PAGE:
In San Francisco’s Presidio, just down the road from where Industrial Light & Magic is using the latest in computer animation technology, the Walt Disney Family Museum (previous review here) is presenting an exhibition dedicated to a different type of animation technology that is over 100 years old. Between Frames: The Magic Behind Stop Motion Animation(on view from September 27, 2012 through April 28, 2013) explores the history and evolution of stop motion animation in the United States and, according to WDFM CEO Gabriella Calicchio, “is part of a new exhibition program showcasing artists and art forms that inspired and influenced Walt Disney and his animators.”
For animation fans, learning the history of stop motion is a worthwhile endeavor. Exhibition curator Anel Muller states, “I’m very excited about this exhibition, obviously… One of the most interesting things I uncovered is the people behind stop motion animation.” These people include Ray Harryhausen, Phil Tippett, Henry Selick and Tim Burton who all helped bring this art form to new generations of moviegoers and Saturday morning television viewers. Muller was able to obtain numerous drawings, models, puppets, interactive armatures and replicas (“[They] said ‘Take anything you want,’” she recalled) used in various films, television shows and commercials including Gumby, King Kong, Star Wars, The Nightmare Before Christmas and more.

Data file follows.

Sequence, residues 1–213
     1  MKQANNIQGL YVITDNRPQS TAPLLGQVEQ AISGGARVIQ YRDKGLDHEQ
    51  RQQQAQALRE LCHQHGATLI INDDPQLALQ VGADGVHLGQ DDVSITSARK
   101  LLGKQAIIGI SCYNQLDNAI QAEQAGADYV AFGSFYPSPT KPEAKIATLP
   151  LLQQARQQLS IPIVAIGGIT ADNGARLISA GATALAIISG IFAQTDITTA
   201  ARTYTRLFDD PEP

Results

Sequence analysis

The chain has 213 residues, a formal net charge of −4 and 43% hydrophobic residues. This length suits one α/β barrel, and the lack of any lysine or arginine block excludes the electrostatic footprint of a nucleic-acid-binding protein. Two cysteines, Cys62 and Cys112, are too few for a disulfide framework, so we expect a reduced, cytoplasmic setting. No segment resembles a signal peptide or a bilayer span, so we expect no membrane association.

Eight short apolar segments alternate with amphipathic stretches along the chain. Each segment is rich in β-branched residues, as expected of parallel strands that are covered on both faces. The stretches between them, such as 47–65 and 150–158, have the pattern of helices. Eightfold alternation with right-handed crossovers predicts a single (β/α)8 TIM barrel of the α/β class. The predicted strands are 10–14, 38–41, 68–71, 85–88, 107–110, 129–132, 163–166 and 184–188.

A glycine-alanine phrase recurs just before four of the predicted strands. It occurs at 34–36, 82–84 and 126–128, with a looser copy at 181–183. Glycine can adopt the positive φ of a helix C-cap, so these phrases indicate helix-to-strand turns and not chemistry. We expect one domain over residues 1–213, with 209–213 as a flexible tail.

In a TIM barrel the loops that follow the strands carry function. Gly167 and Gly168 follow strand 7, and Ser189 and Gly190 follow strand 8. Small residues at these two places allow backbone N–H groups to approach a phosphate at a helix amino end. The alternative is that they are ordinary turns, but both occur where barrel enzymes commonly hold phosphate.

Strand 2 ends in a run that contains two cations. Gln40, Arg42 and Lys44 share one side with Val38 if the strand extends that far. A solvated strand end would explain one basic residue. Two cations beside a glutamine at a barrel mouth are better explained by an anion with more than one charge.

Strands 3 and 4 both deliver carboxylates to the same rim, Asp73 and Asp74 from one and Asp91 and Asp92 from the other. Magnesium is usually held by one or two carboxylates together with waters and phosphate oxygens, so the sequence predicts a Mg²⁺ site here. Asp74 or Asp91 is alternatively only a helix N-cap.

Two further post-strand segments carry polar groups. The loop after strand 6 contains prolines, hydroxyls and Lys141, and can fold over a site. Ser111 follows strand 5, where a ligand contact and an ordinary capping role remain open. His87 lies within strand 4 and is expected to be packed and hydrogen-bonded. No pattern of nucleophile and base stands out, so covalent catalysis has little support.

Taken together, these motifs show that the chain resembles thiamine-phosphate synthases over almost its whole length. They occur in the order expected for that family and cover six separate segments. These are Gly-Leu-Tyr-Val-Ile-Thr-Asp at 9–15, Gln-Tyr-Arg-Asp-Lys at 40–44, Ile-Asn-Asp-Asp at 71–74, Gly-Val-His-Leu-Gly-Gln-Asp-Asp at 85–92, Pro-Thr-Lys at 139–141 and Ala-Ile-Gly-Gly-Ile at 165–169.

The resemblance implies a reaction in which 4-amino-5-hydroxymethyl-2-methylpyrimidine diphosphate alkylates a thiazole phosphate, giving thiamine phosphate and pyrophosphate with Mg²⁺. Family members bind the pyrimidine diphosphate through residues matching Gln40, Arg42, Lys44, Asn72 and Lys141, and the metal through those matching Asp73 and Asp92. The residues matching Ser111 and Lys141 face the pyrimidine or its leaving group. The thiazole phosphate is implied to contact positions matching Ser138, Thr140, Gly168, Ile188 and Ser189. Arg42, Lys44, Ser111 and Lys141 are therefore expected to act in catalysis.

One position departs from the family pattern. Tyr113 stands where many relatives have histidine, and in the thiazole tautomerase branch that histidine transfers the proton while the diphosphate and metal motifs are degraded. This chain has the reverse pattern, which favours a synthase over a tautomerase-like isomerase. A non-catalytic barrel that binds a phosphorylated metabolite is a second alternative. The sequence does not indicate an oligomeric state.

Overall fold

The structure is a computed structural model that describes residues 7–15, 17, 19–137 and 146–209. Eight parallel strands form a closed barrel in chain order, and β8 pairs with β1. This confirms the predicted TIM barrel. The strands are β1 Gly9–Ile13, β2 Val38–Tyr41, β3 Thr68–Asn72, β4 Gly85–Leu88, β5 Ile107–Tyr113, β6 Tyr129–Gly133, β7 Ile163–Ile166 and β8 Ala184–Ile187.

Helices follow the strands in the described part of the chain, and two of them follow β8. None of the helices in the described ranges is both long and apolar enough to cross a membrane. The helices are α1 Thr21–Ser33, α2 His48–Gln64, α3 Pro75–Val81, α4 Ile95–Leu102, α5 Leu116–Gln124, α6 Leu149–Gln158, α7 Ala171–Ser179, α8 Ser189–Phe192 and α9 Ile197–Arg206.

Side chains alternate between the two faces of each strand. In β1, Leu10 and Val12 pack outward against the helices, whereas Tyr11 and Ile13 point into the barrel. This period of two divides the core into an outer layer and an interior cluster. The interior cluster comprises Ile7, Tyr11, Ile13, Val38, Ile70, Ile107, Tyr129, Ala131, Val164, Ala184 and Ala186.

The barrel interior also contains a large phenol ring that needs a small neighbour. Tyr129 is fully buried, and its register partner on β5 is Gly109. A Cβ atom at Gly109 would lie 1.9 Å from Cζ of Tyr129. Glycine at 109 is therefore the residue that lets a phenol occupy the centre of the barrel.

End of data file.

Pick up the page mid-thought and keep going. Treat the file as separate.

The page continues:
Display case contents range from a replica of King Kong from the 1930’s to models of Coraline and Robot Chicken from the first decade of 21st century.
One of the main goals at the Walt Disney Family Museum is inspiration through education. While one may not immediately connect stop motion with Walt Disney himself, the Museum notes that Walt began his animation career in Kansas City using this type of animation for advertisements. The galleries exist to educate you on Walt Disney’s history and accomplishments which will hopefully inspire you to follow your own passion. This goal is not lost on Muller who says, “I hope that when visitors leave this exhibit that they feel a surge of inspiration, that they will find creativity in their own lives.”